Christine Till said she didn’t learn who else was presenting until organizers sent her an agenda two weeks before the event

As she battles critics of her research linking fluoridated water and lower child IQ, Christine Till won some powerful validation this month.

The U.S. National Toxicology Program (NTP) commented favourably on the York University professor’s study and others examining the issue. Fluoride is “presumed to be a cognitive neurodevelopmental hazard,” concluded the government agency in a revised report on the issue that echoes Till’s own concerns.

But the neuropsychologist’s virtual appearance at a Nashville conference earlier in September is unlikely to reassure the naysayers.

Till spoke on her fluoride research, but fellow presenters at the International Academy of Oral Medicine and Toxicology event included a who’s who of the anti-vaccination and COVID-19 conspiracy-theory movements.

Among them were defrocked British doctor Andrew Wakefield, whose study linking vaccines and autism was exposed as fraudulent, and Judy Mikovits, a former biochemist who starred in a viral video that promulgated a litany of false information on the coronavirus.

Wakefield and another of the presenters have had their medical licences revoked, while Mikovits was briefly arrested after she allegedly took lab notebooks and other proprietary information from a research facility where she’d worked.

It’s difficult to say what obligation scientists have to vet fellow speakers, but in giving top billing to Wakefield and Mikovits, this conference was “patently absurd,” says Tim Caulfield, a University of Alberta health policy professor and crusader against health misinformation.

“Having a legit scientist present at an iffy event gives credibility to both the event and the ideas that are pushed,” he said. “It sends the message that speakers like Wakefield and Mikovits are on par with respected scientists espousing scientifically plausible views.”

York University associate professor Christine Till.

Till said she was invited in January to address the conference, held physically in Nashville as she spoke by internet from Toronto. She said she didn’t learn who else was presenting until organizers sent her an agenda two weeks before the event.

Till also said she wasn’t aware of Mikovits’ role in Plandemic. Viewed millions of times online, the video suggested falsely that wearing a mask could “activate” COVID-19, that Italy’s outbreak was linked to flu shots and that beach sand and sea water could cure the virus. Facebook and other social-media platforms took the film down.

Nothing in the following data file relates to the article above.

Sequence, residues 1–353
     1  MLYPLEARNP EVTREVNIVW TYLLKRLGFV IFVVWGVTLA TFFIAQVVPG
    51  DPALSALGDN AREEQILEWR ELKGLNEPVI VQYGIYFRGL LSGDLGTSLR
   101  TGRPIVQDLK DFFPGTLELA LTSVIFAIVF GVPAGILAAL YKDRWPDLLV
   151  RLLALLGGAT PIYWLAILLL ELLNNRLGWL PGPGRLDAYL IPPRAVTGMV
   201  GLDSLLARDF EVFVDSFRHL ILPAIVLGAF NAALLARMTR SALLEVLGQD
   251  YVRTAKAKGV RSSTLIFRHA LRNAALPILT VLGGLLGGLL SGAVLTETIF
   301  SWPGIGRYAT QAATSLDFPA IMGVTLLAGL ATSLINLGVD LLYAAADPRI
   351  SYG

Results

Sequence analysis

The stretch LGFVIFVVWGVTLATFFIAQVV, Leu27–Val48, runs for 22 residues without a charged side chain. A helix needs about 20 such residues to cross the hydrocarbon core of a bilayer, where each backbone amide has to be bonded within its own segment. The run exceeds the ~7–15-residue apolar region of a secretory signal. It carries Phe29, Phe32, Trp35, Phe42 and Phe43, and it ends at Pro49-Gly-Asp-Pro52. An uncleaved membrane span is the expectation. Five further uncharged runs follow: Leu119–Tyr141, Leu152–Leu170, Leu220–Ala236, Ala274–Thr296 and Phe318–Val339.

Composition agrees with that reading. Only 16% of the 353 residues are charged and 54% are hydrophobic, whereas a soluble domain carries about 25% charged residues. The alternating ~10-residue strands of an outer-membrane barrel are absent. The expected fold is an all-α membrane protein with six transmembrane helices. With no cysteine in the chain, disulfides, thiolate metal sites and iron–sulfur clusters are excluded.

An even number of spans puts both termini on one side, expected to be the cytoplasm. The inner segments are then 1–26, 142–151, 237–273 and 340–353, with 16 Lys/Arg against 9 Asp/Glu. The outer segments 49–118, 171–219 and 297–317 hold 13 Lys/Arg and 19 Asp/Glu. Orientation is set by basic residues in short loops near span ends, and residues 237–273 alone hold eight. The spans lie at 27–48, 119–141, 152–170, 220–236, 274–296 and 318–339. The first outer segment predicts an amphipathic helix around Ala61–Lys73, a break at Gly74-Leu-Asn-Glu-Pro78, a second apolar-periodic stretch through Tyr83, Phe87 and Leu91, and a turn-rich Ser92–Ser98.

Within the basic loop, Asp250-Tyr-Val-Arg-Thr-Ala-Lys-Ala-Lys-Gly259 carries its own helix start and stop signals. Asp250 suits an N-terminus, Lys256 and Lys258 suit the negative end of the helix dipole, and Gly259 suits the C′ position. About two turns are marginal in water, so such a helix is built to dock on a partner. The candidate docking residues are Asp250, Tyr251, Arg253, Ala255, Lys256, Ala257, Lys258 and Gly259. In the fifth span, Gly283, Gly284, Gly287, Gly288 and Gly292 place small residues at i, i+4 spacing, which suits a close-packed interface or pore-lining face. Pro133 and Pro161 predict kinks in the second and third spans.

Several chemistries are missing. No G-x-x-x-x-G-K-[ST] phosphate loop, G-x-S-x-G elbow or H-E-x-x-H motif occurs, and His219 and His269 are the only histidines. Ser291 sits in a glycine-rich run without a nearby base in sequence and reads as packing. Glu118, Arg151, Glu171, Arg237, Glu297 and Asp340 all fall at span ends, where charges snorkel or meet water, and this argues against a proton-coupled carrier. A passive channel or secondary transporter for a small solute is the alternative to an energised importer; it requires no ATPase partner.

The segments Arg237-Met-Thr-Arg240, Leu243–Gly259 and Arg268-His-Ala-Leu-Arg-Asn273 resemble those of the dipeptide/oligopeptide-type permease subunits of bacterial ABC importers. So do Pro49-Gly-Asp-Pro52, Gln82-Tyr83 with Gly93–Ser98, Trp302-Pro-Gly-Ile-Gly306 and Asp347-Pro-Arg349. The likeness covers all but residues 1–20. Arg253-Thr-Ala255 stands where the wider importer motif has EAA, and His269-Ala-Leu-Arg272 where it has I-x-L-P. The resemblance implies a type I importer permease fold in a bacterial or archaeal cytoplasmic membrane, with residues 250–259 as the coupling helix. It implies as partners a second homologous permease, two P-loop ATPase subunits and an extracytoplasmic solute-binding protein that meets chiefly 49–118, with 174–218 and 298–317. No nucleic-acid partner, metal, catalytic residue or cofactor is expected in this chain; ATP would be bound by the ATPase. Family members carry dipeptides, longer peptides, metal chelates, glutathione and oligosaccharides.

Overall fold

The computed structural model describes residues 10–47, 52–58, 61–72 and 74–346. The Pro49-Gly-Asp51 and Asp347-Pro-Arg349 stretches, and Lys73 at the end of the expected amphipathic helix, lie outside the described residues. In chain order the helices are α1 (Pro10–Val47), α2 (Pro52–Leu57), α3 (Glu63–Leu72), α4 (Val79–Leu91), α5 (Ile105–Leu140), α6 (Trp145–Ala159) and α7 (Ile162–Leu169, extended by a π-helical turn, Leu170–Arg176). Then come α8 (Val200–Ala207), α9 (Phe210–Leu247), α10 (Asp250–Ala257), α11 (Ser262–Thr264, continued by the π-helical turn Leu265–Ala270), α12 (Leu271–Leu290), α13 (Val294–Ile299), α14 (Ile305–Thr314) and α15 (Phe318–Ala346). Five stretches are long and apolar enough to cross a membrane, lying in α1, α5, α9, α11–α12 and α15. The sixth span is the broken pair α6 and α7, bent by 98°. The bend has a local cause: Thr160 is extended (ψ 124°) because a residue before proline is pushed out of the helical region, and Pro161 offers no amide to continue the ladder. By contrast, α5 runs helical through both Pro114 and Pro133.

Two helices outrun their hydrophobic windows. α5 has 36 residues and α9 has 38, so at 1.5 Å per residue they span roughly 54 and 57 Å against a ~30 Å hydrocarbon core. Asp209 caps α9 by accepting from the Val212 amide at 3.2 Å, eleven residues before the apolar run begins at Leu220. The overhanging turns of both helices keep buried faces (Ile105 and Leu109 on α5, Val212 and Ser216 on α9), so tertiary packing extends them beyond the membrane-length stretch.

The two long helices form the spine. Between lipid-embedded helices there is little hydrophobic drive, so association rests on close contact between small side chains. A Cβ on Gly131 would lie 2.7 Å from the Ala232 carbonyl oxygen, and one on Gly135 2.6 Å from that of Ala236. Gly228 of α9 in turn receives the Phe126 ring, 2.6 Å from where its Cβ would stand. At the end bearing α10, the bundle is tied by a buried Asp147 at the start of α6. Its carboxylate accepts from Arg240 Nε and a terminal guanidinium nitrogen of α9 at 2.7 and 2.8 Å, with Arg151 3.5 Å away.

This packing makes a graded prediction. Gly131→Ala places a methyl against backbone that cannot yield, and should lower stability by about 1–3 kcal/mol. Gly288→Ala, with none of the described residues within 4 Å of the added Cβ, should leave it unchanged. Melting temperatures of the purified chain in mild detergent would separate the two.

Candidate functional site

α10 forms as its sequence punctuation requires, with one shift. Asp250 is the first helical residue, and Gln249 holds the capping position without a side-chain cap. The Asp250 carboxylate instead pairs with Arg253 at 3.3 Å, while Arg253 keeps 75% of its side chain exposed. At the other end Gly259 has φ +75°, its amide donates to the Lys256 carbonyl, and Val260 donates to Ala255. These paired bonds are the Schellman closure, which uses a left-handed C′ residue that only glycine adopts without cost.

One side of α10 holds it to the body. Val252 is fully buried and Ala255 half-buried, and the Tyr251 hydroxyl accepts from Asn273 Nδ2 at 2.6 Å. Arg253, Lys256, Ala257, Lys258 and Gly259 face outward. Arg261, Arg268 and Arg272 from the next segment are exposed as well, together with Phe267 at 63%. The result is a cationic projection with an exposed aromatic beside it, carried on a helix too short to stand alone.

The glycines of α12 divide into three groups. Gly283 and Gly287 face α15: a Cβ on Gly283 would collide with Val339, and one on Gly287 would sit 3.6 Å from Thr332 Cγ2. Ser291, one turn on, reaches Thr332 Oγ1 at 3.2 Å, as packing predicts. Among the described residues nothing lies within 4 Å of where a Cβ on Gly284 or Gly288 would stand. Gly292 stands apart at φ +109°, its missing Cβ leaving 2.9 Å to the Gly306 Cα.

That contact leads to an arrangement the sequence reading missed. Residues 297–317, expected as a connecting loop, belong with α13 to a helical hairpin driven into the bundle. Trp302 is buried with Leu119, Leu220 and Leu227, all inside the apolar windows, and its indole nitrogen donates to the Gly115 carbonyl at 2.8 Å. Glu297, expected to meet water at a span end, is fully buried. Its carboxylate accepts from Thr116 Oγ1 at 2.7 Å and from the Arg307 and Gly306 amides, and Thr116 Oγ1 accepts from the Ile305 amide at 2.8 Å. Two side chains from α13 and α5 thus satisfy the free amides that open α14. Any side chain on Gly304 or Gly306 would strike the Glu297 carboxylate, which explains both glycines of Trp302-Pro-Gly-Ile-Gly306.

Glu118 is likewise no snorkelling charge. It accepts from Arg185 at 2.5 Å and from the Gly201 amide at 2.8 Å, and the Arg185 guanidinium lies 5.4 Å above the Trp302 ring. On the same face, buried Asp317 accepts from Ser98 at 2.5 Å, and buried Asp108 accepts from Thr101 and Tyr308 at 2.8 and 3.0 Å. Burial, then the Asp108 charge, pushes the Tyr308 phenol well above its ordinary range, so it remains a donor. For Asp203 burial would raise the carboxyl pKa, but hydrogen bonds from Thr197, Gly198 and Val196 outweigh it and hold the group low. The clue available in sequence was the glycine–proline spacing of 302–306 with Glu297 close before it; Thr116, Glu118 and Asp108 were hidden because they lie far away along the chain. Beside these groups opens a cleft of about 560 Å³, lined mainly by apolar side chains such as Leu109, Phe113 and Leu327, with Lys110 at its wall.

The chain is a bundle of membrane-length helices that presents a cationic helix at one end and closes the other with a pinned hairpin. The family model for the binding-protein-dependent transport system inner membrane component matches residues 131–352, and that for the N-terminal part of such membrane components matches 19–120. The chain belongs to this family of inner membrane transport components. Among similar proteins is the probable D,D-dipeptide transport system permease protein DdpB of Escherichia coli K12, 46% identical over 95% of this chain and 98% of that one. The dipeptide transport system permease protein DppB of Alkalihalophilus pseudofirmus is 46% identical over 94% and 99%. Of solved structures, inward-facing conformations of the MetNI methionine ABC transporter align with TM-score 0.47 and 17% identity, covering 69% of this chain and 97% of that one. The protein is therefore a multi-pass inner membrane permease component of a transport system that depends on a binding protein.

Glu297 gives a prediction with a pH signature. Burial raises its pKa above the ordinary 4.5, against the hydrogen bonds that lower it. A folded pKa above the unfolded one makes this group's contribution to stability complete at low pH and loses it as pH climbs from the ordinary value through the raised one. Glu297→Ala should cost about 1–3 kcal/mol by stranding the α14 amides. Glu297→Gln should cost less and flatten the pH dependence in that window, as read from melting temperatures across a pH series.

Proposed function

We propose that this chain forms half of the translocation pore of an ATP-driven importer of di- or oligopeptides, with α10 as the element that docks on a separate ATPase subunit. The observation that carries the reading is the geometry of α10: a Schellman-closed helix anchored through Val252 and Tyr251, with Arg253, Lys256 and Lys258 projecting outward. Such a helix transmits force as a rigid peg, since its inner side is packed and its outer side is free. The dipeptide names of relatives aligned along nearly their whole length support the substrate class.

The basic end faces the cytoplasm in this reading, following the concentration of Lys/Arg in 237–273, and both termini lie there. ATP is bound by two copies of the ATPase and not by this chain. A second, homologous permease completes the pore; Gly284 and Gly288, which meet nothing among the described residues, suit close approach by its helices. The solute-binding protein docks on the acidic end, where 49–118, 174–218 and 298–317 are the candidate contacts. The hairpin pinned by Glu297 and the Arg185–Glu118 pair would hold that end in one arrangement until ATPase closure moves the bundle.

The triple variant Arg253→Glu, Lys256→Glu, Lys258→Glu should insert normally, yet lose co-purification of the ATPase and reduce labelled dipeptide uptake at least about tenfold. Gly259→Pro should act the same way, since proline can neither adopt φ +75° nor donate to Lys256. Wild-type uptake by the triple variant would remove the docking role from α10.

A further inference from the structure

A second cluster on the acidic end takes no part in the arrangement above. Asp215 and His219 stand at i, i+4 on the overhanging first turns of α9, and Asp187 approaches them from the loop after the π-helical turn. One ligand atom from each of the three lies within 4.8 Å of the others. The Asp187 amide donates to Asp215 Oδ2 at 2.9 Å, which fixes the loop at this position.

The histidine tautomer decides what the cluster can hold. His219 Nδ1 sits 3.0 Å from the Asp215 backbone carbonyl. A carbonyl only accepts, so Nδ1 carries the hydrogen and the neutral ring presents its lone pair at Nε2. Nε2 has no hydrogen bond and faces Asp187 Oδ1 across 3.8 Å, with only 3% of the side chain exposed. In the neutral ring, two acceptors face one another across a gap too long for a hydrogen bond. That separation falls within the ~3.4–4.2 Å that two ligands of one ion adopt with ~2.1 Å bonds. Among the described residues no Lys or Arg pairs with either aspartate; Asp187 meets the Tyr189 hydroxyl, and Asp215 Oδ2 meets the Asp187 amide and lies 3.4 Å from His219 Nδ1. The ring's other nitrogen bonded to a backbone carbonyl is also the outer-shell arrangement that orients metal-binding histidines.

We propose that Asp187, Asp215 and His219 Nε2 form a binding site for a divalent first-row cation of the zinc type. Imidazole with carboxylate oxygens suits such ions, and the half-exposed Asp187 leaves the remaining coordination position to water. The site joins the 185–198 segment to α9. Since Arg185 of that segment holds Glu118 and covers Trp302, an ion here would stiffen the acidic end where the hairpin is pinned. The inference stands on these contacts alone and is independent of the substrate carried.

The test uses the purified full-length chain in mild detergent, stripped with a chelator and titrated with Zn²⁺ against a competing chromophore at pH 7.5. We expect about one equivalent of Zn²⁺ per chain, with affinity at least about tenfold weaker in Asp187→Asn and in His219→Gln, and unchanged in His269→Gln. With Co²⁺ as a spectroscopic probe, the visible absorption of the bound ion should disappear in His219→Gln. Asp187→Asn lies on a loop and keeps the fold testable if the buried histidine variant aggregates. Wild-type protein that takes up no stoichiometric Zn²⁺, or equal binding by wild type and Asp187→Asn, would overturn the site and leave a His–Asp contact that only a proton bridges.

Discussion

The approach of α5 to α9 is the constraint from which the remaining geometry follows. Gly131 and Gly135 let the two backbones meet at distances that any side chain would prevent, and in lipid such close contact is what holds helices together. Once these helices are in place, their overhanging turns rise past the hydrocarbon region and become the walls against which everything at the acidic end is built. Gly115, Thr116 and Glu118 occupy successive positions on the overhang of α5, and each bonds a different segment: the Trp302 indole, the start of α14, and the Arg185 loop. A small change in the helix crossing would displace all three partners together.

Meanwhile, the Canadian academic stressed that she accepted no payment from the IAOMT, and does back childhood vaccination of the sort her fellow speakers decry.

“You might be wondering ‘What was I thinking, why did I accept the invitation?’” she said in an interview. “Just because I speak to an organization does not mean I subscribe to the views of the other speakers … To me the invitation to speak is to present our research findings, make them accessible to this group.”

IAOMT itself is not exactly a mainstream scientific organization. Its chief cause is to end the use of metal amalgam dental fillings, arguing the mercury in them is toxic. But while the U.S. Food and Drug Administration recently suggested that children under six, pregnant women and some other vulnerable groups should avoiding amalgam fillings – based on “very limited” evidence of possible harm – it says a raft of studies have found them safe for most people.

Most famous of the Sept. 10-12 conference speakers is Wakefield, who has found a home in the U.S. anti-immunization movement since his study on autism and vaccines was discredited and his British licence removed.

Mikovits gained some prominence in 2009 with a study that seemed to identify a mouse virus as the cause of chronic-fatigue syndrome. Further research disproved the theory, leading to her original paper being retracted. Since leaving her research facility, Mikovits has promoted anti-vaccine ideas.

Marc Geier, who also addressed the conference and links vaccines and autism, had his medical licence in Maryland and other states revoked over his treatment of autistic children and misrepresenting himself as an epidemiologist and geneticist. Another speaker was retired chemistry professor Boyd Haley, who has long espoused the discredited notion that mercury in vaccines causes autism.

Just because I speak to an organization does not mean I subscribe to the views of the other speakers.

Till has become something of a lightening rod in the debate over fluoridated water since she published a study last year that found an increase in fluoride levels in pregnant women was associated with their children having slightly lower IQ.

Fluoridation experts wrote to York University last week, demanding it convene an independent investigation of the professor’s research, suggesting she may be putting ideology over science.

Some reviews of her study have questioned its methodology and statistical analysis. But the NTP cited it and other research in saying there is a “moderate level” of evidence that fluoride is associated with cognitive effects in children.

Till said the conclusions were no surprise, given the high-profile journal that published her own work first subjected it to an unusual amount of scrutiny and peer review.

“We responded to hundreds of critiques just to get the study published,” she said. “I haven’t heard anything new.”

(Modified 10 a.m. Sept. 30 to correct Caulfield’s affiliation.)


*Original article online at